Sharer said he sympathised with his Muslim neighbours now facing the heightened threat of Islamophobia. "Anybody who doesn't like Jews probably doesn't like black people, doesn't like Sikhs, doesn't like anybody. It's unfounded hatred," he said. "Anyone who says they don't like Muslims, there's something wrong. It's a bigoted view."

That opinion was echoed by Eusoof Amerat, a Muslim community advocate in Hackney.

"Shomrim has been patrolling this neighbourhood for many years now and when they pass the mosque they don’t close their eyes," he told Al Jazeera. "But this makes it legitimised and the community now knows we are working together. Forget about race, forget about ethnicity, we are living together. And how can we live together without respecting and tolerating each other's viewpoint, faith and customs?"

It took great risks and understanding between the Jewish group and the Muslim group to say we are not enemies of each other.

- Munaf Zeena, chairman of the North London Muslim Community Centre

Shomrim operates a 24-hour emergency line with operators fluent in Yiddish and Hebrew handling almost 5,000 calls in the year up to June 2012, according to its own figures. Its volunteers pass on information to the police and attend the scene of reported incidents. Although they do not have powers of arrest, volunteers will often identify and follow suspects until the police arrive, as well as searching for missing people and stolen cars.

"We are local, we live in the community. We see what is going on and we pass over intelligence to the police," said Hochhauser. "We deliver the goods, and they get the pat on the back."

Matthew Horne, the Metropolitan Police's borough commander for Hackney, said the police had a strong relationship with Shomrim, adding that he could cite "day in, day out incidences of intervention" by the group that had contributed to an overall decline in crime in the area.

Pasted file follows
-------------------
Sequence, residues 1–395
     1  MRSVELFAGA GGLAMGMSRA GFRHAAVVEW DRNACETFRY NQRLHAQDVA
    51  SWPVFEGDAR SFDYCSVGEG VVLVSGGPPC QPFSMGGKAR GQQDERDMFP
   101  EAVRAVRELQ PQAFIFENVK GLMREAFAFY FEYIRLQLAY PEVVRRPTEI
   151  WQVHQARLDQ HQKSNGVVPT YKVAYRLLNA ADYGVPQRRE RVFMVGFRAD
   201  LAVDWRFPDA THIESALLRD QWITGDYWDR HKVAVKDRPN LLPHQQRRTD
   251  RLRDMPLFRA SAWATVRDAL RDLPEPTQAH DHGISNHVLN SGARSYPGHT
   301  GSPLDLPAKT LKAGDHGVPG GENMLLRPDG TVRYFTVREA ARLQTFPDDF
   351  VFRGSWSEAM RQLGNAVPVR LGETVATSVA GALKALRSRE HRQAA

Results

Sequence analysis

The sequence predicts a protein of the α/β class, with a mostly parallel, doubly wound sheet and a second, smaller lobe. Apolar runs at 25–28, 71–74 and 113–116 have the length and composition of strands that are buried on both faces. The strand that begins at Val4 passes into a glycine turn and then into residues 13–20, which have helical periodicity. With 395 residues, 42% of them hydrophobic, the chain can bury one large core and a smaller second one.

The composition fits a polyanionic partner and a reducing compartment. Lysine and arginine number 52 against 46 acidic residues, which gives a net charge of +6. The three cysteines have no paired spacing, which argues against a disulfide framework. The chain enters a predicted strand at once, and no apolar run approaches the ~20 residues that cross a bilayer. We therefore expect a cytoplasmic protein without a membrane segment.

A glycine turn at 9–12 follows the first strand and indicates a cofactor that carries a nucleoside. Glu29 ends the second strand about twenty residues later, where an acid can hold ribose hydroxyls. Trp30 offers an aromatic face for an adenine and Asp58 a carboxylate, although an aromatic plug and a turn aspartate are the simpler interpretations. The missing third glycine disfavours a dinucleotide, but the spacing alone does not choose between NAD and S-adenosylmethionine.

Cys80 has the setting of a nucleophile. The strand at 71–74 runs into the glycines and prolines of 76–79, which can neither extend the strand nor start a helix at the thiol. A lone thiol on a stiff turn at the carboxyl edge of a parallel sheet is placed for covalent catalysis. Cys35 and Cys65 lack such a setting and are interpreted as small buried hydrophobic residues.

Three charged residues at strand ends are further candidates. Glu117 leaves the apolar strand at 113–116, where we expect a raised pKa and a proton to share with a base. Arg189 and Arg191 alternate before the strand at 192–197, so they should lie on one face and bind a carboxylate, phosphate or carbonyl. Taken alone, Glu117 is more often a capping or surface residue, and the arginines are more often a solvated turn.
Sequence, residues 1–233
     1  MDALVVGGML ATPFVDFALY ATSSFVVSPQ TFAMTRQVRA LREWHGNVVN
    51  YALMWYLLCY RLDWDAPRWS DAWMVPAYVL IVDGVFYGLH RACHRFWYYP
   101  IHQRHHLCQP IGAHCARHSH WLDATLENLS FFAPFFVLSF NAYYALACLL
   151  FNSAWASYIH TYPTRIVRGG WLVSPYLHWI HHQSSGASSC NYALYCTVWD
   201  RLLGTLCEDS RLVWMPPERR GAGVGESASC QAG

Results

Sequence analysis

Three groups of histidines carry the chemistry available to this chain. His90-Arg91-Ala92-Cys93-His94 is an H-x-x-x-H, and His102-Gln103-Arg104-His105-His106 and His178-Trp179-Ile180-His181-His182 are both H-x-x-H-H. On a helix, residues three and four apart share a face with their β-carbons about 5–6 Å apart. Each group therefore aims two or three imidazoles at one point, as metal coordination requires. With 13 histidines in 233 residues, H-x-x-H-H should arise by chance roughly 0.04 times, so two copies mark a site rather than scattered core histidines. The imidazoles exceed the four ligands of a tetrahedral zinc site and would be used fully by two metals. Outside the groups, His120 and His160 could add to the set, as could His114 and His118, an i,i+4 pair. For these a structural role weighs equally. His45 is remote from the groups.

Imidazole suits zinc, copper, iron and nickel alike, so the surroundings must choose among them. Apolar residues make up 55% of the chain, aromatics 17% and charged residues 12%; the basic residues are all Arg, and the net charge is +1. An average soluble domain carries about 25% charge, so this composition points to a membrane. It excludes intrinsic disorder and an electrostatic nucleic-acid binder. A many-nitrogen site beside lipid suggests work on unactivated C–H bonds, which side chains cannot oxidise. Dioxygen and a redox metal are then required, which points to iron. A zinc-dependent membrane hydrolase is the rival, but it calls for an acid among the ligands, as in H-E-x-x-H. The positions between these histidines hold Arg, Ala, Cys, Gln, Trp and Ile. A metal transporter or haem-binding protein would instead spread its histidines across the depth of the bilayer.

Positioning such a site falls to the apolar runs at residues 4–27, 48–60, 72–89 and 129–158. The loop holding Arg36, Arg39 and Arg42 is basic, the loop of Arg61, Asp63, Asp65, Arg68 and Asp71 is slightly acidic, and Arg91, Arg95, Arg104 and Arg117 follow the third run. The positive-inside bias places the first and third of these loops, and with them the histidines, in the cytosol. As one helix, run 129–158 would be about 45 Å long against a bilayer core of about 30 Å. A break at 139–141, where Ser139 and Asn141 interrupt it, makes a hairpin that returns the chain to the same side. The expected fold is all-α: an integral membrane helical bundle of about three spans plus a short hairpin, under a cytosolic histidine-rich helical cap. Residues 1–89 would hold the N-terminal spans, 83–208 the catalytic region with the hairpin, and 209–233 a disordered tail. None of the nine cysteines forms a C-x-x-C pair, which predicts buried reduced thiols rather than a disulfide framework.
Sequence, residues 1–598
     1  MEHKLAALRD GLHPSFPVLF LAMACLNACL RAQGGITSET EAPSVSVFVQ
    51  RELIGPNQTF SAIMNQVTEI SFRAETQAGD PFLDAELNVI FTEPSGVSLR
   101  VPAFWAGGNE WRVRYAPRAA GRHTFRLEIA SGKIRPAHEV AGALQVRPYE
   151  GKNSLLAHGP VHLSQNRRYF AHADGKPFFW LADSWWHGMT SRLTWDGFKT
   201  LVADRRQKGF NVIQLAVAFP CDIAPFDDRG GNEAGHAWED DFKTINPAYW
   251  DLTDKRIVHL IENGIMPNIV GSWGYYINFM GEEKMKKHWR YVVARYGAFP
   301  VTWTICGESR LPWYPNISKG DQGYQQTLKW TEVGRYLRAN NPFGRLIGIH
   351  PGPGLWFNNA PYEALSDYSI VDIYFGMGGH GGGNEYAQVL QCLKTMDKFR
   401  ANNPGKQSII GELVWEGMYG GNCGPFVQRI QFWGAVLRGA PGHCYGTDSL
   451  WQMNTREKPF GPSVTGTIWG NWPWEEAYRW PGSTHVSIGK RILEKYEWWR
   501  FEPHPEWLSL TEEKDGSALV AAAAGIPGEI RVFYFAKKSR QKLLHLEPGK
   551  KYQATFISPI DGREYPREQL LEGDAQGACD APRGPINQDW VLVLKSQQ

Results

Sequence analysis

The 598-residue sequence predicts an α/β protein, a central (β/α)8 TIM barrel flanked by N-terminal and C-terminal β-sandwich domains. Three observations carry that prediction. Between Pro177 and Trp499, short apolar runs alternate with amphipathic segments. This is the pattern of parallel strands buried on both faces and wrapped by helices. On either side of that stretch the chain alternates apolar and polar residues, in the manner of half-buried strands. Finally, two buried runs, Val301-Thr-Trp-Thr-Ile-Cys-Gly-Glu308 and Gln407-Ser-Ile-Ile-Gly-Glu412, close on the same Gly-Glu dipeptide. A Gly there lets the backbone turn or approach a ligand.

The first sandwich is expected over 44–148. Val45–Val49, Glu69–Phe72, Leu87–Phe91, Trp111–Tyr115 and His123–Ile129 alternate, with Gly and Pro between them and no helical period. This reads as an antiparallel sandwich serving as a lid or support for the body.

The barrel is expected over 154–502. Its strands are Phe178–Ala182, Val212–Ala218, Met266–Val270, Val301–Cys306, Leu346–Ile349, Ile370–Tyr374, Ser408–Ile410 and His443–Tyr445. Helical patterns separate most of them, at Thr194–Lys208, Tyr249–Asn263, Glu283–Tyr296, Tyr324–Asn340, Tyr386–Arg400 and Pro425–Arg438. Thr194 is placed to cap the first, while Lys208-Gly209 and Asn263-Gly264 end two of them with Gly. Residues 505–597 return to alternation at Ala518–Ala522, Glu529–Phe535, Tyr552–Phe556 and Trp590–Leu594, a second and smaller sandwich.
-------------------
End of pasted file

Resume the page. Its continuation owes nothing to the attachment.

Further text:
"The Jewish community are extremely good at noticing when something is wrong. They will very quickly contact Shomrim. They will keep an eye on it and they will generally know when is the time to call us. They don't tend to waste our time and they don't let people go," Horne told Al Jazeera.

Muslim patrol

Amerat said the Muslim community planned to use Shomrim as a model for its own local volunteer patrol group, with operators handling calls in Urdu and Gujarati.

"It's going to take time. We are looking for volunteers and maybe in two or three years we will be in position to set something up," he said. "In the meantime we work together and we support each other."

Hochhauser said he welcomed the prospect of a Muslim patrol joining Shomrim on the streets of Stamford Hill, providing it recruited its volunteers responsibly. "We've told them we are more than happy to help them out if they get the right people for it. We don’t want any hotheads because they could bring down the whole operation," he said.

Such a scenario could be beneficial to the Jewish community as well, he added. Because of their strict observance of Shabbat, when many activities are prohibited, Shomrim volunteers can only respond to life-or-death incidents, such as a search for a missing person, on that day.

Visiting relatives in Hackney as a boy from his childhood home in Yorkshire, northern England, Zeena admitted once feeling scared of the "strange people with braids and black hats".

But he paid tribute to members of the Jewish community who welcomed Muslims and helped them settle in the area, even supporting them as they established the first mosque in Hackney in the 1970s. And he said both sides were now reaping the benefits of the willingness of local leaders to put historic animosities aside, consolidated a decade ago with the establishment of a Muslim-Jewish forum in the neighbourhood to address issues of concern to both communities.

"It took great risks and understanding between the Jewish group and the Muslim group to say we are not enemies of each other," he said. "We live side by side and we share many of the same problems. This is about living together as neighbours and human beings, respecting each other and tolerating each other."

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Al Jazeera